City Lifts Mandatory Water Restrictions, Continues Call for Conservation


City Lifts Mandatory

Water Restrictions, Continues

Call for Conservation


DECATUR — Effective at noon today (December 18) the City of Decatur is ending Stage 1 Mandatory Water Restrictions implemented earlier this year in response to the worst drought the city has experienced since 1988.

The restrictions are being lifted due to the level of Lake Decatur rising and stabilizing at 83% full or higher since November 13.  Today's level is 613.32 feet above mean sea level (86% full) which is almost 10 inches higher than the normal winter lake level. 

        Other reasons why the restrictions are being lifted include:

  • The city's customer demand for water is always lowest from October through March.
  • There is rain and snow forecast for the lake's watershed Wednesday night and Thursday.
  • The latest 6 to 10 day and 8 to 14 day National Weather Service forecasts predict above average precipitation for all of Illinois.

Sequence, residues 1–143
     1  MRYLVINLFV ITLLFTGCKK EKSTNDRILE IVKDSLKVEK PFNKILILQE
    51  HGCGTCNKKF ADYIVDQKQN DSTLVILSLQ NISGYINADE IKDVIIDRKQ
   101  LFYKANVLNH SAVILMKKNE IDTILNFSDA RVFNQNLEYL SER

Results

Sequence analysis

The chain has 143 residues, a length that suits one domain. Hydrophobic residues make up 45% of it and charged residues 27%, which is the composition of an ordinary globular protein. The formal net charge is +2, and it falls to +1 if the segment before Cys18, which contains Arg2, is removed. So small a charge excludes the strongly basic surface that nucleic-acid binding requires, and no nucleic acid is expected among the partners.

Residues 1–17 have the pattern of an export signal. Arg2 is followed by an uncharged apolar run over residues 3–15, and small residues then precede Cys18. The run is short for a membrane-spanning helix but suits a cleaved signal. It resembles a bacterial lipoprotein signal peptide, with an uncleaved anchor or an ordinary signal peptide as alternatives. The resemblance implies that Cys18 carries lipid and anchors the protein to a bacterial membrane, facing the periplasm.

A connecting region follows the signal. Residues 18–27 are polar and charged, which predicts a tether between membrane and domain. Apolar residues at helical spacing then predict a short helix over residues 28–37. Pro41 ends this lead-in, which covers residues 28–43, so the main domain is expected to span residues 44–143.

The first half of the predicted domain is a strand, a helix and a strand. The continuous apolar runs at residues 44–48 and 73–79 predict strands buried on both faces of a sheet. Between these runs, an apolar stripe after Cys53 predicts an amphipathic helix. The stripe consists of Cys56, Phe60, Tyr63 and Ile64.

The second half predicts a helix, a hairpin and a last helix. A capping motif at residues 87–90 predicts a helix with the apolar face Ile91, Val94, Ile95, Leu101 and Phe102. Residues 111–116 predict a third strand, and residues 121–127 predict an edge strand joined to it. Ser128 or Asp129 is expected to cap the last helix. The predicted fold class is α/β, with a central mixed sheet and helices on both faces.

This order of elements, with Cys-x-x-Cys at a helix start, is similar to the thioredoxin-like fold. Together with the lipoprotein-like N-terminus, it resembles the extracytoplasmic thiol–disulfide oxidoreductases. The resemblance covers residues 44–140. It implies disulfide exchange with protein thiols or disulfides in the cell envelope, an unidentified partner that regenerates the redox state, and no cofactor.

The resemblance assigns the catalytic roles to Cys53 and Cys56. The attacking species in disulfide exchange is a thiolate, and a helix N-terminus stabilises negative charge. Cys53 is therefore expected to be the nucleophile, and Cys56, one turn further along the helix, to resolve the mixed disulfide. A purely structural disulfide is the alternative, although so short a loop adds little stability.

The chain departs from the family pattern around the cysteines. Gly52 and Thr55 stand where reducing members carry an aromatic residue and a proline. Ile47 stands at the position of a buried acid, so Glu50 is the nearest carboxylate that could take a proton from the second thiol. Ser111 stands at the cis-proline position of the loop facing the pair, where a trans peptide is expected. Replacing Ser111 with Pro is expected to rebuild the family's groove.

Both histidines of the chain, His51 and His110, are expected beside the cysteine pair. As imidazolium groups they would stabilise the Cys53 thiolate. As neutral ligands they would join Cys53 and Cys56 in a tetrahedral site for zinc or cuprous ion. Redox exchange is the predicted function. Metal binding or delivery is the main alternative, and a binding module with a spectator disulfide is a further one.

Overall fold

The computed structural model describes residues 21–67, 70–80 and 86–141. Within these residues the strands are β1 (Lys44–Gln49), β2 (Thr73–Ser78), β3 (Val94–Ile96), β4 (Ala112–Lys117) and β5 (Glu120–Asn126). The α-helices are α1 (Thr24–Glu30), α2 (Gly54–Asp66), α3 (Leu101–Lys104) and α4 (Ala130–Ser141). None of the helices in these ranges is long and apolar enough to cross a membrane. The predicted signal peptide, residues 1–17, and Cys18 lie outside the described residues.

• Flow from the Sangamon River into Lake Decatur continues to be higher than the amount of water pumped from the lake by the Decatur and Archer Daniels Midland Company water treatment plants.

The City wishes to thank all water customers for their outstanding efforts to voluntarily and mandatorily conserve water this year.

City Manager Ryan McCrady emphasized that the lifting of mandatory restrictions should by no means be seen as lessening the importance of finding a solution to the city's long-term water issues.

"The restrictions were a temporary solution to a long-standing, critical problem," he said. "Water represents the lifeline of our community, both for residential users and local industry, yet four times in the last seven years we've had to call for restrictions or request voluntary conservation because of the threat of shortages.

"It is a problem for cities across the country and one that we are continuing to work hard to solve in 2013."

Officials urge the community to continue to voluntarily conserve water by taking advantage of several water and money saving ideas, including:

  •  Fix leaking faucets, toilets and pipes.
  •  Replace high water use fixtures, faucets, toilets and appliances.
  • Wash only full loads of laundry.
  • Do not use toilets for trash disposal.
  • Take shorter showers.
  • Do not let the water run while shaving or brushing teeth.
  • Soak dishes before washing.
  • Run dishwashers only when full.

        For additional information contact Keith Alexander, Director of Water Management, at 424-2863.

Current Conditions